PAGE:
If your child needs a palate expander, it’s likely because your child has a narrow palate or crowded teeth, although it can also be used to correct crossbites. This device may be used by itself or it may be combined with braces. It is most commonly used on the upper palate, but it can be used on the lower jaw also.
Generally speaking, a palate expander is used for a few months, or even up to a year. Most commonly, palate expanders are used in children because their growth plates are not yet fused. But, they can be used in adults who have specialized cases.
Palateexpanders help provide a wider arch for all of the teeth to be able to grow in properly and not be crowded or impacted.
Some other reasons you might need to use palate expanders include for underbites, narrow smiles, breathing difficulties, etc. But, one of the most common reasons is to correct crossbites where the teeth do not meet correctly and this can lead to bite issues, premature wear of the teeth, and pain.
We’ll learn more about palate expanders in just a moment but first let’s pause and see what some of the experts of orthodontic medicine have to say about bite issues.
Generally, it is assumed that an overbite, an overjet, or any other deviation from the average can contribute to a poor quality of life (Fabian S et al.,2018).
It is also possible, and even very likely, that depending on the severity of the deviation of the teeth that orthodontic treatment is required (Fabian S et al.,2018).
Research has shown that children and adolescents who have overjet deviations of more than 6 mm when compared to the average have significant limitations in their quality of life (Fabian S et al.,2018).
Why Do I Need An Orthodontic Expander?
An orthodontic expander or palate expander is a device your orthodontist will use to help widen an upper jaw that is too narrow. It is anchored on the back molars and has two halves connected to a device into which you fit a key to turn and push the two halves apart. This helps widen the jaw.
If your child has crowded teeth, overlapping teeth, crooked teeth, a bite issue like crossbite or open bite, problems with chewing or speaking, or impacted teeth, they might be a good candidate for a palate expander.
This is because the palate expander will help make more space for all of the teeth to be able to grow in properly and help improve the way the two jaws meet so that the upper and lower teeth meet as they should.
Some children who have sleep apnea may also benefit from a palate expander.
It’s most often used in children who are about 7 or 8 years old because the growth plates are not fused yet. You may not know this, but both your upper jaw and lower jaw are actually two pieces that fuse together as you get older.
Most kids will wear them for about two or three months, but some may need to wear it for longer. Teens and adults, because the bones have already been set, will need to wear a palate expander for longer. Every patient has a unique situation though, and many will not need a palate expander. Your orthodontist will let you know if you do.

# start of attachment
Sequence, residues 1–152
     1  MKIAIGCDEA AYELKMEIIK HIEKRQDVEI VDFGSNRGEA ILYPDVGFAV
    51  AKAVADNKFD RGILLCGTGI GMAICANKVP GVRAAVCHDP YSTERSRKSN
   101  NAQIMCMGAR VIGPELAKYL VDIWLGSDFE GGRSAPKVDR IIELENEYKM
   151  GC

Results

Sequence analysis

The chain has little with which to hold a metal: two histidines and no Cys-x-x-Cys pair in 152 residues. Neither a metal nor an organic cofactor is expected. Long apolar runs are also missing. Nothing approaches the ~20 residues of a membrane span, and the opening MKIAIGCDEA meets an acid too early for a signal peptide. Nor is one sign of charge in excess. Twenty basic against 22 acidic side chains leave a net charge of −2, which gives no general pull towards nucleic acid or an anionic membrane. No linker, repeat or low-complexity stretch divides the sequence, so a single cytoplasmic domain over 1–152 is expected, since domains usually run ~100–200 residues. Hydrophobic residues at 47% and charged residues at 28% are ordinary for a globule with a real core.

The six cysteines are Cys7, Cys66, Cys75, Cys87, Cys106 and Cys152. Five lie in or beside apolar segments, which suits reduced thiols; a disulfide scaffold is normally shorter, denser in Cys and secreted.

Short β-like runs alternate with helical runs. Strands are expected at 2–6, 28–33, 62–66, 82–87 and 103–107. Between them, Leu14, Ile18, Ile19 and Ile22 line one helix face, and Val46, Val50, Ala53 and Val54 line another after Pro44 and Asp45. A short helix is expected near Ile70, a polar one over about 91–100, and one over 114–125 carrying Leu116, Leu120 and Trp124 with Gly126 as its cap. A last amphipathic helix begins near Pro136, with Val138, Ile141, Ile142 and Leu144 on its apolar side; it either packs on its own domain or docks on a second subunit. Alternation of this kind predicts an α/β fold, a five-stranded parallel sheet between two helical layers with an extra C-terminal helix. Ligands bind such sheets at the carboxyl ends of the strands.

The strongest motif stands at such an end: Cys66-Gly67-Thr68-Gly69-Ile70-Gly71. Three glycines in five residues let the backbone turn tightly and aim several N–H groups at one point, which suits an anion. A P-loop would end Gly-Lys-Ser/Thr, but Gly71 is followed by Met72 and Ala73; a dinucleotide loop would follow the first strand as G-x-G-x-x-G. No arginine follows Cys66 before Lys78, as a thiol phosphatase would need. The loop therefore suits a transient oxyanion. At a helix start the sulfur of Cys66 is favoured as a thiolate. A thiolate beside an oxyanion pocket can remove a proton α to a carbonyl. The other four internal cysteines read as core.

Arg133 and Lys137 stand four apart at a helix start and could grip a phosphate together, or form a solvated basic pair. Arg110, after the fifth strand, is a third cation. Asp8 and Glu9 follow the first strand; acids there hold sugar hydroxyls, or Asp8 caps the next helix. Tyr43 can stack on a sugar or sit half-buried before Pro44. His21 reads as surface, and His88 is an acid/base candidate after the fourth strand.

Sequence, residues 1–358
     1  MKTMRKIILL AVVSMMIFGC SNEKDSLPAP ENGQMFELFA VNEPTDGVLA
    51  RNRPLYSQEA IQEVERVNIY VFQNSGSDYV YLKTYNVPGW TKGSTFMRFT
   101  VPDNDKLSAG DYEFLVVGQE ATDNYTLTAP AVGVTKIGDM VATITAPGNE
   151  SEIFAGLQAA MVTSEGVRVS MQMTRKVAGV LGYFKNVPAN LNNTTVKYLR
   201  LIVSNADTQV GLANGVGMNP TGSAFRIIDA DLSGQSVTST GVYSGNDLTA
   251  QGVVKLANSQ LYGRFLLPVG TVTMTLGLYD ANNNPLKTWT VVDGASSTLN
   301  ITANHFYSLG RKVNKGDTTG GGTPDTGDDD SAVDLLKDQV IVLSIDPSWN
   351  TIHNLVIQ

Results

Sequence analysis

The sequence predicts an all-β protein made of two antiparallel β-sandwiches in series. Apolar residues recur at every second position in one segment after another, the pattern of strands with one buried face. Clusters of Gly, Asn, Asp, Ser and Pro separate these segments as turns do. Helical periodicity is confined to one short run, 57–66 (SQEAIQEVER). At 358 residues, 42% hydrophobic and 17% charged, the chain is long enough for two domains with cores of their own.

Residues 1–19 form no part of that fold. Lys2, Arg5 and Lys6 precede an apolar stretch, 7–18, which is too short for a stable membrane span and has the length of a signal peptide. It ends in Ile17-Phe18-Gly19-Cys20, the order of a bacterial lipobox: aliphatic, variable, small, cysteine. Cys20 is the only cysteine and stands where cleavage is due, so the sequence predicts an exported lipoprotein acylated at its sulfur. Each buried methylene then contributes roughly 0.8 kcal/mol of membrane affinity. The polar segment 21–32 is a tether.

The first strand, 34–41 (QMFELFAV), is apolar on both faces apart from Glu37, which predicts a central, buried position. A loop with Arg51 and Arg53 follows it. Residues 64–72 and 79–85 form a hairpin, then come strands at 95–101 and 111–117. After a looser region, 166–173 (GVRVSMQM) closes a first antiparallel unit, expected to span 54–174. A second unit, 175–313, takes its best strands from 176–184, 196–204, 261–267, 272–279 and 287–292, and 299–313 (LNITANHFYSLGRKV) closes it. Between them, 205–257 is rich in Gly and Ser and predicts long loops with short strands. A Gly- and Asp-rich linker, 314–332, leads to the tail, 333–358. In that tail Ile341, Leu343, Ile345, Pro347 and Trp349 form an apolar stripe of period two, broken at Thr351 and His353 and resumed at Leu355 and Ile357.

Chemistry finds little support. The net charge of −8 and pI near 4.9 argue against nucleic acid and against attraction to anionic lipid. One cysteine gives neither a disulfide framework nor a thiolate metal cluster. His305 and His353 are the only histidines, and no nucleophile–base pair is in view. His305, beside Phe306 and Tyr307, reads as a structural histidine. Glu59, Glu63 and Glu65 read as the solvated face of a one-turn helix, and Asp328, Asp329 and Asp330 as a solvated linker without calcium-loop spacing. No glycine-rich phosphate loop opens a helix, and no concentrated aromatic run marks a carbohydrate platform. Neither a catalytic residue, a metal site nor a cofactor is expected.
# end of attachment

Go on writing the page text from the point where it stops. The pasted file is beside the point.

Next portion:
What Is The Palatal Expander Key?
Your palate expander has a center portion that drives the two halves apart and those widen the palate. It is turned by a key. This key often folds flat and has a small metal piece that fits into a hole in the center of your palate expander. You turn it until the new hole appears.
How To Turn An Expander And How Do You Use A Palate Expander Key?
You will unfold the metal portion of the key from the handle and insert it in the hole in the palate expander up to the first bend in the metal part. Then you will be in the correct position. This bend is a safety position designed so that you don’t push the key in too far, but you also know that you have it in far enough.
Then you will push back towards the back of the mouth until the next hole rotates around into the position where you started. This will be a complete turn. Then remove the key by pulling straight down. If you move it forward, that would actually reverse the turn and undo the work you just did.
Parents, if you have to turn the palate expander in your child’s mouth, you will take the key and insert it into the hole at the closest point towards the front of the mouth. Then you will push it all the way back towards the back of the mouth. When you see the next hole, pull straight down on the key to remove it. You should be able to see the next hole for when you have to do your next key turn in about 12 hours.You should be turning the key twice a day, once in the morning and once in the evening.
If you do have a lower palate expander, it will work much the same way. You will place the key into the hole that’s visible at the top and push it in until it gets to the safety band. Then push the key towards the tongue and rotate it until you see the next hole in your expander. Then slide the key out towards the tongue to remove it and make sure that you can see a visible hole so you know you have completed one turn.
You or your child may experience some discomfort from a palate expander because it is moving the bones apart. This can be alleviated by eating cold foods like ice cream or frozen yogurt, or other soft foods like mashed potatoes and applesauce. Because palate expanders are not worn for a long time, your child should not experience much discomfort for long.
If you don’t have an orthodontist, we’d be happy to meet you. Give us a call or book an appointment online and set up your free initial consultation. We’d love to answer your questions.